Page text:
Many of you are aware of recent allegations that involve cheating at the Nuclear Propulsion School in South Carolina. This incident, coupled with other events, involving misconduct brings leadership, ethics, and integrity to the forefront. I applaud the moral character of the vast majority of our Sailors, however, some of our shipmates are falling short of our Navy standards and expectations.
Last Friday, in light of recent allegations of misconduct in the military services the Secretary of Defense Chuck Hagel announced that a senior officer will be appointed to promote and enforce a culture of ethical behavior and good moral character. Additionally, DoD released last week further details into SECDEF's ethics initiatives and orders to Navy and Air Force to conduct reviews of the nuclear enterprise.
In response to these incidents and initiatives, I think that it is important to share my thoughts:
My initial thoughts on the recent number of incidents:
There is a difference between making a mistake and doing something intentional with forethought. During my 30-plus years of being a Sailor, I can attest to my share of missteps, however, when a shipmate intentionally violates the law, ethical or core values, they've violated the trust that has been placed in them. It can have a domino effect, causing mistrust, bad behavior, and a breakdown in all that we stand for. Being a person of integrity requires extra ordinary discipline and the desire to do that, which is morally and ethically right on a consistent basis.
It is the responsibility of every Sailor to remember their oath to uphold Honor, Courage, and Commitment every single day. I am confident that collectively, the moral courage and integrity are high, but we can't afford to let the transgressions of the few undermine the trust and credibility of our entire force.
What I've witnessed during fleet visits:
With the opportunity I have to spend time with Sailors throughout the world, it's been my observation that the overwhelming majority of our Sailors are performing superbly and are adhering to our core values. I also believe we cannot take integrity for granted, we must continue to talk about it and train on the importance of integrity and the vital role it plays in our ability to trust each other. We must not forget that one of the greatest leadership characteristics includes setting the example. Integrity is a quality of character demonstrated by the moral commitment and courage necessary to maintain consistency between what we believe, what we say, what we do, and what we are morally obliged to do.
A message to junior leaders:
Recruiters and recruit training commanders continually ensure our newest Sailors have the moral foundation necessary for success. That cannot be forgotten once you enter the fleet. Honoring our core values must be practiced and emphasized every single day. There will be times in your career that will test your character, but it's during those times that I encourage you to gain strength by drawing on memories when you've felt a deep sense of honor and commitment.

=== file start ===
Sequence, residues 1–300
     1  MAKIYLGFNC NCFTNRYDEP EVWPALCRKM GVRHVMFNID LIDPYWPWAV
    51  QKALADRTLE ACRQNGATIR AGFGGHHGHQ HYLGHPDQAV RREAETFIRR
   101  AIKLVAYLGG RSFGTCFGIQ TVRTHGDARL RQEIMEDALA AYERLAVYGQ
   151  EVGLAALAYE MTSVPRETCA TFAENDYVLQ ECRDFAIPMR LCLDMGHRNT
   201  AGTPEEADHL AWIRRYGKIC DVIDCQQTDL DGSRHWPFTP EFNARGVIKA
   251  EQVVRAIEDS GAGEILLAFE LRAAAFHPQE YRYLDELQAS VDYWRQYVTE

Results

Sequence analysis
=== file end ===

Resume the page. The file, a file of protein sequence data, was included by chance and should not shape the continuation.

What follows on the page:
Whether it was repeating the oath of enlistment before going to boot camp, donning the beloved "Navy" ball cap after battle stations, achieving your first qualification, successfully finishing your first deployment, or the moment that you decide to re-enlist; you must find the courage to speak up when you know that things aren't right. Talk with your peers, your mentors, and your supervisors about what our values mean and how you apply them to your daily life.
A message to senior leaders...
I'm reflecting to my time in Suffolk, Va. just a couple weeks ago. I met with over 100 fleet, force, and command master chiefs who make up the MCPON Leadership Mess, for our annual Leadership Symposium. It was important for me to look at each of you in the eye, discuss programs and initiatives, and share thoughts because you are my direct link to over 33,000 Chief Petty Officers. We must have trust and confidence in each other in order to successfully carry out our missions and effectively support Chief of Naval Operations Adm. Jonathan Greenert's Sailing Directions and tenets of Warfighting First, Operate Forward and Be Ready
As Chief Petty Officers, we embrace increased responsibility and authority while accepting the highest obligation to embody the confidence, employ the expertise of our Sailors and earn the trust from both our superiors and subordinates. As I've said in the past, we MUST ensure that we are providing the leadership our Sailors expected the day they joined the Navy. If we don't, how can we expect others to? We can't afford to foster or be part of an environment that fails to uphold the expected standards of integrity. Our fundamental standard is to work hard, stay out of trouble and be good and decent people.
The CNO has recently released a blog
on this very topic. Please take the time to view it and have open, honest, and continuous conversations with your shipmates. In the coming weeks, CNO and I will be filming another episode of "Conversation with a Shipmate," and the focus will be on ethics and integrity.
Shipmates, thanks for all that you do. I'll see you in the fleet.